The Financial Ombudsman Service still has around 43,000 unallocated cases, the Treasury Committee heard.
09 February 2022
Some people complaining about financial firms to the ombudsman have had a four-year wait, a committee of MPs has heard.
Representatives from the Financial Ombudsman Service (FOS) were asked by the Treasury Committee about the oldest complaints in its backlog of cases.
Nausicaa Delfas, interim chief executive and chief ombudsman at FOS, said: “When I joined (in 2021) one of my first impressions was that many people have had to wait far too long for cases.
“And some cases were even up to four years old.
“What I’m pleased to say though is that we made a commitment this year to have no cases older than 18 months old by the end of this financial year – unless there was a reason beyond our control to prevent that.”
Asked if the service was on track to achieve that, she replied: “Yes, we are, we’re on track to achieve that.
“There were a significant number at the beginning of the year, now we expect that there may only be a handful at the end of this financial year that we wouldn’t be able to resolve.
“But we’ve made significant inroads into that.”
Asked how big the backlog is now, she said: “When I joined in May 2021 it was 90,000 unallocated cases.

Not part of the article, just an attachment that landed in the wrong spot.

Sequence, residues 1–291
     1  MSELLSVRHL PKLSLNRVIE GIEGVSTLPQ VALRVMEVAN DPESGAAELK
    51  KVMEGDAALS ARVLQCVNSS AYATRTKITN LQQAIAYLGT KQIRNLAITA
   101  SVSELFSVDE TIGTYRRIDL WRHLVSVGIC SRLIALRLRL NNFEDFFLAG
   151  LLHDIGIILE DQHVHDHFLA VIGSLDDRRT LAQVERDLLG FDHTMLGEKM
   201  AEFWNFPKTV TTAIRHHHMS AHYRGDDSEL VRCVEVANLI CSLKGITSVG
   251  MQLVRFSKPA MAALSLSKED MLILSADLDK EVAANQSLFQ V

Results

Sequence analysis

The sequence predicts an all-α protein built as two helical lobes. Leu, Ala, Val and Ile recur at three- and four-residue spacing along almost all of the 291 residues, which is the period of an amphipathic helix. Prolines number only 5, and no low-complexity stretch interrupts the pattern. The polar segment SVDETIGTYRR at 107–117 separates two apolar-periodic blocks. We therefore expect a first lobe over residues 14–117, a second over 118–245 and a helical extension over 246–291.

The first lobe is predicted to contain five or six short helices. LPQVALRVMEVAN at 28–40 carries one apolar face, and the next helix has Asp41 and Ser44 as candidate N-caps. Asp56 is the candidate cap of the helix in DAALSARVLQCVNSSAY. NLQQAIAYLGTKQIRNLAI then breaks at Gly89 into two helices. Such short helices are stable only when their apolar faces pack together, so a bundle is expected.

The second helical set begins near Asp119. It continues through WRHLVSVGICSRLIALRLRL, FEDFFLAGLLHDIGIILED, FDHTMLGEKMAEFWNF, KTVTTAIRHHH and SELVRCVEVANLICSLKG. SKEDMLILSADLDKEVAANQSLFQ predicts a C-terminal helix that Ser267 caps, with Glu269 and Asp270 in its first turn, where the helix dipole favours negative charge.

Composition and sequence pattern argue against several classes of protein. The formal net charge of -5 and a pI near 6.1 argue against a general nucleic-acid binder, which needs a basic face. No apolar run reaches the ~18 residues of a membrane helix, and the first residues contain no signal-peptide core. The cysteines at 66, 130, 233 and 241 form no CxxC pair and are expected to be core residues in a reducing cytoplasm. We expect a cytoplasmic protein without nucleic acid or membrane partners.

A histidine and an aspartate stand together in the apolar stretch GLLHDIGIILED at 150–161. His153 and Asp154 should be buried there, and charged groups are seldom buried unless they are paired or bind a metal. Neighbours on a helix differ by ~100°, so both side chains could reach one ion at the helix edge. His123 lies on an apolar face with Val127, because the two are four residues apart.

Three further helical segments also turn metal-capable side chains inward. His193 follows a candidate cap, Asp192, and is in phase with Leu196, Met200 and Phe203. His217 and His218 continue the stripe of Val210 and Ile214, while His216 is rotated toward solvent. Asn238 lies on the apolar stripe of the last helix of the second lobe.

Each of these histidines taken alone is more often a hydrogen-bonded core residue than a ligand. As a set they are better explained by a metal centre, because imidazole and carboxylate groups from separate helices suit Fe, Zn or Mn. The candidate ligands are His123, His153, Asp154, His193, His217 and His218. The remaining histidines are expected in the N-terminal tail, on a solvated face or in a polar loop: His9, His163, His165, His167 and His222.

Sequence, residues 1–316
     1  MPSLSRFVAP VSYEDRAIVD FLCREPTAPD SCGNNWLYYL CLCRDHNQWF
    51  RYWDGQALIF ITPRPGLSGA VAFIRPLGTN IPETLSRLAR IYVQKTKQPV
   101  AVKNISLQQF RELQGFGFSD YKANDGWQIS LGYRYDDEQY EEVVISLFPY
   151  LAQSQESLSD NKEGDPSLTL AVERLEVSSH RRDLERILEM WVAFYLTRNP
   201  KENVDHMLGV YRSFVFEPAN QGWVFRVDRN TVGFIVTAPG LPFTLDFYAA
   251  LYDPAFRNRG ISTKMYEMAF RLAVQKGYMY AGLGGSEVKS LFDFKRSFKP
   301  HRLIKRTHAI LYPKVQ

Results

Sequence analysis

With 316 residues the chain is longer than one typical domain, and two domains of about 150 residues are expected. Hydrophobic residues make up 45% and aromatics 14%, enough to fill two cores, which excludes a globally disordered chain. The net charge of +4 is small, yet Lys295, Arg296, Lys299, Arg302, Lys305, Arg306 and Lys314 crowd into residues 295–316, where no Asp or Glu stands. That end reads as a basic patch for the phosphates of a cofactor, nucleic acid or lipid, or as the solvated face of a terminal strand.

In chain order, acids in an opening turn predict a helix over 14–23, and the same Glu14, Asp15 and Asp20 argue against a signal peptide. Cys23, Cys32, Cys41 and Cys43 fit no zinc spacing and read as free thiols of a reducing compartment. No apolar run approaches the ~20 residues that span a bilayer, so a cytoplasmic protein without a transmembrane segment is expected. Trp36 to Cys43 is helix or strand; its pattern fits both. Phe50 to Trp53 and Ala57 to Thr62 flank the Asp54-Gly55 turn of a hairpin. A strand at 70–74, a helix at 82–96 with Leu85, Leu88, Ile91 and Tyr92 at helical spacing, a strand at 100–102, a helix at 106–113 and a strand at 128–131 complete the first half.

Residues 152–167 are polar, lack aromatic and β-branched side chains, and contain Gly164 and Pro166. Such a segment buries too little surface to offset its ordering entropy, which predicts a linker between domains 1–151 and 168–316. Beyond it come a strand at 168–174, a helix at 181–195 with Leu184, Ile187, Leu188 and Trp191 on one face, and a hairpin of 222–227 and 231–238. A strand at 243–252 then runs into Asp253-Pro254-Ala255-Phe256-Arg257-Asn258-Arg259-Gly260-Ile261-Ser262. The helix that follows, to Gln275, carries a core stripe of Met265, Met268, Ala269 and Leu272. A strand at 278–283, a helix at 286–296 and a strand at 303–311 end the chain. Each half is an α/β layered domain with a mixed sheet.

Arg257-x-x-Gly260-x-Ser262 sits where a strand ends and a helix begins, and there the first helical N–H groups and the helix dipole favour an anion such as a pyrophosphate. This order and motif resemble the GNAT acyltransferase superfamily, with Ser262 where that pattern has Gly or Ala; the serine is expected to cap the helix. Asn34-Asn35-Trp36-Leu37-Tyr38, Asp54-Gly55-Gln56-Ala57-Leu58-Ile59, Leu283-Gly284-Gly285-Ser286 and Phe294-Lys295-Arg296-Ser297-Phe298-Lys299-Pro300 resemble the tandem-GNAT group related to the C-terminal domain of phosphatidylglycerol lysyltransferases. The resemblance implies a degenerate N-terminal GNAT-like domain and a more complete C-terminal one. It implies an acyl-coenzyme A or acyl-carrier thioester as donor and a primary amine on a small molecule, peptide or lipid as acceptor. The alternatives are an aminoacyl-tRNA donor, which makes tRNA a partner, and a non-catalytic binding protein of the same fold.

“I’m pleased to say that we’ve over halved that already. We’re now at 43,000.”
She said innovations to drive resolutions faster seemed to be working.
Ms Delfas added: “We’re going to continue on that path, it’s one of our top priorities to get through that backlog so that we can get into a steady state.”
She said the service is dealing with the oldest cases first, adding: “We are doing some simple cases at the front end as well.
“But currently if someone came to us today it would take probably on average seven months for their case to be resolved.
“But we expect with the changes we’re making we’ll be able to have an average of four months.”
The committee heard the ombudsman service had received many coronavirus pandemic-related complaints such as those concerning wedding insurance, travel insurance and health insurance.
Ms Delfas said: “We also got a lot of high-cost credit cases, unaffordable lending and guarantor loans. They were a high proportion of the increase in cases that came in.
“And I think when we look forward to the coming year, whenever there is a period of economic or financial hardship, it wouldn’t be surprising if we got more of those cases again.”
Ms Delfas also said: “We’ve seen a 60% increase in fraud and scam complaints at the Financial Ombudsman Service between this year and last year.
“And there are a lot around authorised push payment fraud, for example.
“What we’ve seen there actually is that through the feedback we’ve given to firms as we’ve been handling these complaints, we’ve seen a marked improvement in the quality of the risk warnings that are given to customers, that they’re more focused and specific to the types of frauds that might be occurring.
“And whilst the uphold rate is still quite high in that area it is slowly coming down.”